While the American Presidency is a unique institution, its primary tasks are not unique. The need to give direction to government is universal and persisting. Every country, from the Egypt of the Pharoahs to contemporary democracies and dictatorships, faces the challenge of organizing political institutions so that leaders can make authoritative decisions about collective problems of society. The commitment to representative as well as effective government increases political complexity in order to increase popular consent.
Today, there is no presupposition that any one country has discovered the formula for good government; signs of difficulties are everywhere, in the Second and Third World as well as in Western nations. Differences in historical traditions and in contemporary circumstances inevitably lead to differences in institutions and in processes of government. Yet it would be an unusually arrogant citizen who proclaimed that his country had nothing to learn from the experience of other nations in governing itself--if only to learn from their mistakes. The less confidence Americans have in national institutions, the more reason there is to look elsewhere in a spirit of open inquiry.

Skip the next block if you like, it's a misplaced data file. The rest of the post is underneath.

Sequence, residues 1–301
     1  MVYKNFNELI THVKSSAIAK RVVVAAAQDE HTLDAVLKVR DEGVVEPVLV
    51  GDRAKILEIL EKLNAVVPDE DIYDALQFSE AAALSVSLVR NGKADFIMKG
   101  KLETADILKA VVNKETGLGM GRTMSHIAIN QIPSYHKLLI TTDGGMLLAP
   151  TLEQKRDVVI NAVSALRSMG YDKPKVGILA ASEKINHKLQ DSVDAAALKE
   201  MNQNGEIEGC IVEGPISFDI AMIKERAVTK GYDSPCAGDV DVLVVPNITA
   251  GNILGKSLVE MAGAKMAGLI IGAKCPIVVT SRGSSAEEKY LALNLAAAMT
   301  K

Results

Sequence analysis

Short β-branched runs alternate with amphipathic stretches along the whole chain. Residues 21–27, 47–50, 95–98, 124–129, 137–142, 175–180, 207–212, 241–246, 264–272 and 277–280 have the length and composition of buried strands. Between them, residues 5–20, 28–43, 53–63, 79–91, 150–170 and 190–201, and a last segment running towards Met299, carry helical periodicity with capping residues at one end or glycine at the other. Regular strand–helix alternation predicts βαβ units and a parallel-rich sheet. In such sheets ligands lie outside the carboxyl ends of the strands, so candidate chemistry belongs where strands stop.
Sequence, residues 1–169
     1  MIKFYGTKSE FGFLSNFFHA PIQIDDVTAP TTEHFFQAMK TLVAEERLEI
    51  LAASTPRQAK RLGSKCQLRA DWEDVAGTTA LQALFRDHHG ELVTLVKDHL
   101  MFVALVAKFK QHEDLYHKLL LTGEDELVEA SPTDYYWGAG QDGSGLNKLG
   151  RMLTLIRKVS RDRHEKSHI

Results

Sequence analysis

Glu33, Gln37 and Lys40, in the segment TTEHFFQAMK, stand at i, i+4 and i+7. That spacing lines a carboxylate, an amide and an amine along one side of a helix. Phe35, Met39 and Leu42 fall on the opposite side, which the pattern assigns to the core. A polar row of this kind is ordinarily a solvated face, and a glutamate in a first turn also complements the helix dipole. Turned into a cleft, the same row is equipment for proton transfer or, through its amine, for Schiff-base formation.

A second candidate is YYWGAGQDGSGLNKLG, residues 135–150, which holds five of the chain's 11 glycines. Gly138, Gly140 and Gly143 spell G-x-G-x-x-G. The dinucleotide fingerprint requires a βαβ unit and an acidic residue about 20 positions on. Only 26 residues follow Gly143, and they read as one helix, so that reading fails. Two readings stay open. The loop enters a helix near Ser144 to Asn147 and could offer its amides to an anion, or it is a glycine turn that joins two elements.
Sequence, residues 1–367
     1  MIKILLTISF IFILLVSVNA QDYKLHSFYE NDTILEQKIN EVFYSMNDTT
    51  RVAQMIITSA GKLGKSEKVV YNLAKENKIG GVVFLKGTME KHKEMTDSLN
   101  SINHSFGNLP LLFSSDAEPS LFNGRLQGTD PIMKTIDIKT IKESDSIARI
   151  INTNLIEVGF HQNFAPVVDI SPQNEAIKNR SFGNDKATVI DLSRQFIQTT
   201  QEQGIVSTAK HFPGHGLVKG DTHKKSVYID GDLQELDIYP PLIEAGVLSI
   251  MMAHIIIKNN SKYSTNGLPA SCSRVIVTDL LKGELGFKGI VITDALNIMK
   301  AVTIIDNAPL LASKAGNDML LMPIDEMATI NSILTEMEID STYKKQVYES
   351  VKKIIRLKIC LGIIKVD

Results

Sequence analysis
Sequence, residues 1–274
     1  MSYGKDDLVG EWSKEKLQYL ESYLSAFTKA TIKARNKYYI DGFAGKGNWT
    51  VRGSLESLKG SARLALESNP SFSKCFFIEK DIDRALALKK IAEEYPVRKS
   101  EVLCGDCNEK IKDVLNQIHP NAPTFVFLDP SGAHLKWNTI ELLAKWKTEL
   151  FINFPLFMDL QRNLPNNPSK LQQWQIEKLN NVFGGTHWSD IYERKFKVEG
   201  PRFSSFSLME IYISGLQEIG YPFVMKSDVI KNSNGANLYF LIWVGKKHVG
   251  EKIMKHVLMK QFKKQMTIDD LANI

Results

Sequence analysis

Comparisons of national systems of government reveal both constants and variations. For example, each of the national studies in this book emphasizes the extent to which heads of government are and must be political animals. A suave European will be as concerned with mundane calculations of political support as any brash Washington politician. National contexts greatly influence the practical significance of political universals. One cannot begin to understand, for example, how European politicians act without understanding the nature of party loyalties in Europe. The fact that similar labels are